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August 11, 2023

In Brief: lawyers seek guarantees to protect activists at COP28; Australian energy firm faces carbon neutrality lawsuit

The latest news on ESG policy and regulation.

Human rights lawyers have written to UK foreign minister James Cleverly to ask if the UK government will seek an undertaking from the United Arab Emirates — which will host COP28 in December — that lawyers or “other individuals acting lawfully, will be able to travel to the UAE unhindered and without fear of arrest immediately before, during and after” the international climate change summit. The letter was sent following an announcement by the UAE that “there will be space available for climate activists to assemble peacefully and make their voices heard” at COP28. “There are real risks, based upon the UAE’s previous behaviour and, in particular, its human rights record, that any public protests will be extremely restricted or extinguished,” the lawyers wrote. 

The UK Financial Reporting Council has opened a consultation on its revision to the “ethical standard”, which lists the principles of integrity, objectivity and independence with which auditors operating in the country should comply. Changes proposed include enhancing prohibitions in cases where the independence of an audit firm could be compromised by an economic over-reliance on fees from connected entities. The consultation is open until October 31.

The UK government has published an independent report into the the country’s electricity networks, in which several recommendations are formulated to halve the development time of electricity transmission infrastructure. One of the suggestions is to implement a major review of engineering and technician skills needed to speed up electricity transmission. Energy security secretary Grant Shapps has said the government will consider the recommendations ahead of an action plan to be revealed later this year. The report was put together by electricity networks commissioner Nick Winser, who was appointed as an independent adviser to the government last year.

EnergyAustralia, one of the country’s largest energy companies, has been sued by non-profit Australian Parents for Climate Action over its carbon neutrality claims. The charity says EnergyAustralia’s offering of “carbon neutral” electricity and gas is based on the purchase of carbon credits, and therefore amounts to greenwashing. The lawsuit is considered to be the first civil action against carbon neutrality statements in the country. EnergyAustralia is a subsidiary owned by Hong-Kong based China Light Power. 

Taiwan has launched a carbon solutions exchange aimed at facilitating carbon trading among domestic companies. The carbon exchange, which is funded by the Taiwan Stock Exchange and the National Development Fund, will focus initially on training, consultation and education, while trading is only expected to start in the first half of next year.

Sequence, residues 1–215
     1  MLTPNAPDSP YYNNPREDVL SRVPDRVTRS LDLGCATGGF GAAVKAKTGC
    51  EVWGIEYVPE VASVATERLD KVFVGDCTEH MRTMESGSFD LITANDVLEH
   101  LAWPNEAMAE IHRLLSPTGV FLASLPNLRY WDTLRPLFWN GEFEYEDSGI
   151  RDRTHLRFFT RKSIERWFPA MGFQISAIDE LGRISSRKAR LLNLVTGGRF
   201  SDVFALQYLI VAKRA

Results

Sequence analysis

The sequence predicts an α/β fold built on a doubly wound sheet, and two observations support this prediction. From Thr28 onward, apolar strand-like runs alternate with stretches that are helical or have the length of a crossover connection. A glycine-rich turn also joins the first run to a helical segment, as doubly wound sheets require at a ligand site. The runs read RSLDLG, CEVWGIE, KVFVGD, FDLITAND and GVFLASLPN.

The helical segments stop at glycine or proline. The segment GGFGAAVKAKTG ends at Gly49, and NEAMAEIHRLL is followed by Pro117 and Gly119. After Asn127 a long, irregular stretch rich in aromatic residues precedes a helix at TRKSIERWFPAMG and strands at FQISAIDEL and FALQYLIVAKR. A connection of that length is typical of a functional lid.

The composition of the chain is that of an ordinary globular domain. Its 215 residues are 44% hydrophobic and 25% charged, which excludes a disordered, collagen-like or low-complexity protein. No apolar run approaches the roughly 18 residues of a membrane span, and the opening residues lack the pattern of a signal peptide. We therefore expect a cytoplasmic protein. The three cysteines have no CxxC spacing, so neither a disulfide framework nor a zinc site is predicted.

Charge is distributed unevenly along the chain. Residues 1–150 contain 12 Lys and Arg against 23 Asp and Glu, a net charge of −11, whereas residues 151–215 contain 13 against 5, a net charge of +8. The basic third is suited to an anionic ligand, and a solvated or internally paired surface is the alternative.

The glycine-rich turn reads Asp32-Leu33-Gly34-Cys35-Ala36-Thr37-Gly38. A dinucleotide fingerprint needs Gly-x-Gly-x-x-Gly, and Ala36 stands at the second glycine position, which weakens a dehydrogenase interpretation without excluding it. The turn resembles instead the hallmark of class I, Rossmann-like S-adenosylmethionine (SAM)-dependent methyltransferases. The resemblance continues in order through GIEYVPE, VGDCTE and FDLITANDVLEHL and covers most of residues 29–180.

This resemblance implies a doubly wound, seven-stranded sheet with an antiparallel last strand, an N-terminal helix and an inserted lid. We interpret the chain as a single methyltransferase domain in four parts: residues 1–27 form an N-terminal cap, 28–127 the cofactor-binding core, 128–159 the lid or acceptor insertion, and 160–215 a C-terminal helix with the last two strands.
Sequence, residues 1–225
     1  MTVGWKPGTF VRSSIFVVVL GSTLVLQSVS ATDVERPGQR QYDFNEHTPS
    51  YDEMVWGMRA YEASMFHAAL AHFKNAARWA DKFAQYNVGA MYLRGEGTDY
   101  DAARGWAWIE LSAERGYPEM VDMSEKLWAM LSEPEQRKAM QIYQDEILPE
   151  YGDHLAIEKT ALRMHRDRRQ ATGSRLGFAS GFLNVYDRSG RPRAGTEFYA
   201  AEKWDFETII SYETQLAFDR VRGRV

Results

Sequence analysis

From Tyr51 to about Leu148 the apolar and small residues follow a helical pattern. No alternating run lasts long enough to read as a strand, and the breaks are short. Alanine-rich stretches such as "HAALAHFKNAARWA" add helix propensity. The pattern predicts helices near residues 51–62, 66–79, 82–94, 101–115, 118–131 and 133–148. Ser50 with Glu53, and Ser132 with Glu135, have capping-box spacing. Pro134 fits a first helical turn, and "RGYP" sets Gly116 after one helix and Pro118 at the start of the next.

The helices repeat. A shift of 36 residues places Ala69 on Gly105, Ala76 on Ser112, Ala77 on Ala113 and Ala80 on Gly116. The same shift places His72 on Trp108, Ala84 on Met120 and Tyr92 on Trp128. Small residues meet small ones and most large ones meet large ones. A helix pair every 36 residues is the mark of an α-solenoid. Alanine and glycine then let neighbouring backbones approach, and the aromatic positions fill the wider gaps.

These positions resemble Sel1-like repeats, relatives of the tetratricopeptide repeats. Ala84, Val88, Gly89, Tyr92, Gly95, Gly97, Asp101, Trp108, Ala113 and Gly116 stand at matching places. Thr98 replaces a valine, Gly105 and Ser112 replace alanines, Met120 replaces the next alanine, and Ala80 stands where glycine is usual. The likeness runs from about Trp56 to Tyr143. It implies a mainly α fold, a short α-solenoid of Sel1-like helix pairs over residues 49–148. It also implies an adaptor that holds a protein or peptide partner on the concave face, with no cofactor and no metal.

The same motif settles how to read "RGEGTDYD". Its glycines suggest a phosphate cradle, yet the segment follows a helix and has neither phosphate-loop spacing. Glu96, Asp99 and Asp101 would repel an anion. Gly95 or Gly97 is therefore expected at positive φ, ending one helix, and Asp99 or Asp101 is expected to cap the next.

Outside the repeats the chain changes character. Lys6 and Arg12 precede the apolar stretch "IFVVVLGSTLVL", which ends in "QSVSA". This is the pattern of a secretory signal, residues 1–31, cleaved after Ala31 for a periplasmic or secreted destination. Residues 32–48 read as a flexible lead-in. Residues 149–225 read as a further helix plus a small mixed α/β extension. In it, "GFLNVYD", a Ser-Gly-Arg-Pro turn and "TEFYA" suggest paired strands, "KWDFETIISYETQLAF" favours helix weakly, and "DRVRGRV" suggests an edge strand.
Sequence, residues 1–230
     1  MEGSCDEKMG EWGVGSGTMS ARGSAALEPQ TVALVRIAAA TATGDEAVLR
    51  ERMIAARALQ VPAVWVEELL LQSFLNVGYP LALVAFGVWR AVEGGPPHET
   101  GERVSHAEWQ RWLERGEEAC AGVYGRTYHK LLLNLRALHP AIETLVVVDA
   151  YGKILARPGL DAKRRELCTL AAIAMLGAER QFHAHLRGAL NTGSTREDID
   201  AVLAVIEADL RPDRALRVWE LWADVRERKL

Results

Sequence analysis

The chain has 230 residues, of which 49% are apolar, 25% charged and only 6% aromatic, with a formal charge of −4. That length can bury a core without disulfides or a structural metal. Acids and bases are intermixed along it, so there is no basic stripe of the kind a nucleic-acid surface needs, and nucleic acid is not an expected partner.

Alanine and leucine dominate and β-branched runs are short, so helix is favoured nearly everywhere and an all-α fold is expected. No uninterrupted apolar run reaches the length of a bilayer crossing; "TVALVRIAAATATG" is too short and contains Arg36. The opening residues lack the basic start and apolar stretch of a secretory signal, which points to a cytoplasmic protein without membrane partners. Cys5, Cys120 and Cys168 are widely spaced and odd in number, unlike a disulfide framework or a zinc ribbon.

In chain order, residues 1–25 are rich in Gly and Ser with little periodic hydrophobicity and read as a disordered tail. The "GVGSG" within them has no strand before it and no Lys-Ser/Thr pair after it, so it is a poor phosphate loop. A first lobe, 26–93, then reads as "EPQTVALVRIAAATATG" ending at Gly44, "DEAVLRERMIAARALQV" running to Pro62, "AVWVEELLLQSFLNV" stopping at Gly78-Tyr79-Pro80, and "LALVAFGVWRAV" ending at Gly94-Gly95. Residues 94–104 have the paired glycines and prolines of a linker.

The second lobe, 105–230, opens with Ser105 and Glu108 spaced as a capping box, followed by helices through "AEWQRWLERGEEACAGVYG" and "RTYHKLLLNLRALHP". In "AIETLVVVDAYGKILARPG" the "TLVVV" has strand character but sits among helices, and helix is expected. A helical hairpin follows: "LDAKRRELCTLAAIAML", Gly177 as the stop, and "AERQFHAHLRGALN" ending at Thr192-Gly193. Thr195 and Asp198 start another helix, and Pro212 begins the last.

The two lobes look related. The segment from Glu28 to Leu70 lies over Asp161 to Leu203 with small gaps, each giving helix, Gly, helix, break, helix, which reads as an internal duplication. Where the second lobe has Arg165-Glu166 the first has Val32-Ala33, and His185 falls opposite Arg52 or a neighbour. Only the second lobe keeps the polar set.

Brazil, Bolivia, Colombia, Ecuador, Guyana, Peru and Venezuela have signed a joint declaration aimed at combating deforestation in the Amazon. As part of the pact, an intergovernmental technical-scientific panel for the Amazon will be created to debate deforestation methodologies and sustainable practices, with the inclusion of indigenous communities. Recent official data suggests that deforestation rates in the Amazon are dropping significantly under Brazil’s new government, led by Luiz Inácio Lula da Silva. The Amazon countries, however, failed in agreeing a common deforestation policy, and differences in opinion regarding oil development in the region persist. The countries met during a summit of the Amazon Cooperation Treaty Organisation, a body that has been nearly dormant for over a decade, in the Brazilian rainforest city of Belém, which will host the COP30 climate meeting in 2025.

The North Dakota Public Service Commission has denied a siting permit for the construction of an ethanol carbon capture and storage pipeline on its territory. The authority is tasked with regulating in the public interest utilities, mining and telecommunications industries operating in the US state. In its statement, the commission said the company applying for the permit – Summit Carbon Solutions – failed to address “outstanding legitimate impacts and concerns expressed by landowners”, and that it did not adequately respond to requests by the authority.

S&P Global Ratings has announced it has stopped publishing credit indicators for environmental, social and governance factors. Since 2021, the rating agency had been providing numerical ESG indicators for corporate borrowers on a scale from one to five, with one being the highest score. “After further review, we have determined that the dedicated analytical narrative paragraphs in our credit rating reports are most effective at providing detail and transparency on ESG credit factors material to our rating analysis,” the agency said. ESG ratings have come under scrutiny, with regulators globally considering introducing regulation following market criticism on transparency and comparability issues in the sector. US Republicans have targeted S&P Global directly over its use of ESG credit scores.


A service from the Financial Times